Dan Brown, Inferno and the Knights Templar


English: Dante Alighieri's portrait by Sandro ...
English: Dante Alighieri’s portrait by Sandro Botticelli. Tempera 54,7 x 47,5 cm. (Photo credit: Wikipedia)
English: Dan Brown, bookjacket image.
English: Dan Brown, bookjacket image. (Photo credit: Wikipedia)
Two Templars burned at the stake, from a Frenc...
Two Templars burned at the stake, from a French 15th century manuscript (Photo credit: Wikipedia)

As you all know, Dan Brown is about to release his newest tome – Inferno – this year. But of equal interest to Templar watchers is the simultaneous publication of a “companion” book called Templar Inferno.  This will explore and explain Templar themes in Dan Brown’s new book, which is ostensibly about the great fourteenth century Italian poet, Dante – author of the Divine Comedy.

Templar Inferno is written by Sanford Holst who previously wrote a book speculating on the help given by Phoenicians to Solomon in the building of the original temple in Jerusalem – titled Phoenician Secrets.  He has also penned a work on the links between freemasonry and the Templars called Sworn in Secret. Holst says his new work will shed light on those who were “instrumental in the rise, fall and survival of the Templars” and their influence on Dante’s world. He explains:

“Hundreds of Templars were burned to death but many more survived, and we even know intriguing details of their lives. The knights who refused the pope’s order to surrender were forced to live in secrecy outside the law. Their rebellious underground activities played a role in the fall of kings and the weakening of the Vatican.”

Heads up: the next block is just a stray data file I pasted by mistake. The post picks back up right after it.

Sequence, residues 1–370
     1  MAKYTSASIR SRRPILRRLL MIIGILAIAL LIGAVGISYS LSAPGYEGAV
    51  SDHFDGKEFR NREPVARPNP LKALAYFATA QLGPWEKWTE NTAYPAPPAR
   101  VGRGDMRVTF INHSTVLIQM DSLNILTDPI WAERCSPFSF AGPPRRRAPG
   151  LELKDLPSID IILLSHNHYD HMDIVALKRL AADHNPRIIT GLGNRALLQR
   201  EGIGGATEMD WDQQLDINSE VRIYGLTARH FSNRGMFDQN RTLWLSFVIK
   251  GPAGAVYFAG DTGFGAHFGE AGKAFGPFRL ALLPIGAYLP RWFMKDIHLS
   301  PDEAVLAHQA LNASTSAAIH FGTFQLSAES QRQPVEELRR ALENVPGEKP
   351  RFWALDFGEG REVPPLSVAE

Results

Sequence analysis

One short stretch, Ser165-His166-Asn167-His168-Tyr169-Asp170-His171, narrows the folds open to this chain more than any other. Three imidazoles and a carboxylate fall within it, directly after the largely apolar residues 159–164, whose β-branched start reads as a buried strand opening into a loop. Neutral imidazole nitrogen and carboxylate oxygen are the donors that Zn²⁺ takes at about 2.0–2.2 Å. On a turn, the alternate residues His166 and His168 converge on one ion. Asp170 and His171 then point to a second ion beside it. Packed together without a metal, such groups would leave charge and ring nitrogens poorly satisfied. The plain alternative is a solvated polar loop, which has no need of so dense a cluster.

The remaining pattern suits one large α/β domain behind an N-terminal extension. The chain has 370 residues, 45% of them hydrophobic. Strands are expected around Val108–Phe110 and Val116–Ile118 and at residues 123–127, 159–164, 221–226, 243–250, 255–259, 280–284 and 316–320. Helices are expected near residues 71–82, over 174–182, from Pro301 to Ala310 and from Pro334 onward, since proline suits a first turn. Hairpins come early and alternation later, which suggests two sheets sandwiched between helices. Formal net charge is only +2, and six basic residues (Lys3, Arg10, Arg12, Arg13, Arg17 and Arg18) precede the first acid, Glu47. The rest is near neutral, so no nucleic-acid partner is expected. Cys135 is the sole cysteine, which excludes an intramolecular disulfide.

So – let’s piece together the links between the Templars, Dante and Dan Brown:

  • Hero of the Da Vinci Code Robert Langdon, Harvard academic who is an expert in symbols, finds himself in Florence
  • Dante came from Florence where he wrote The Divine Comedy between 1308 and 1321 (just after the Templars had been crushed)
  • Many Knights Templar, including the last Grand Master Jacques de Molay, were burned to death and this imagery haunted Dante as he depicted hell in the Divine Comedy
  • In case you didn’t know, the Divine Comedy involves the poet being taken on a guided tour of hell (Inferno) by the Roman poet Virgil, in which he sees many odd and haunting spectacles of torture
  • Dan Brown creates links between the collapse of the Templars and the emergence of a new financial order around families like the Medici – who built secret passageways in Florence. Now those of you like me who’ve been to Florence know there’s nothing secret about the Medici passageway that snakes very visibly above the old town. But Brown is referring to passages leading off!

Templar Inferno covers familiar ground to you – like the history of the Templar founders, those who it’s claimed survived the order’s destruction and Rosslyn chapel. If you’re going to read Dan Brown’s new opus – and I’ll gingerly raise my hand now – then I’d invest a few dollars/pounds to get the companion book now available on Amazon.

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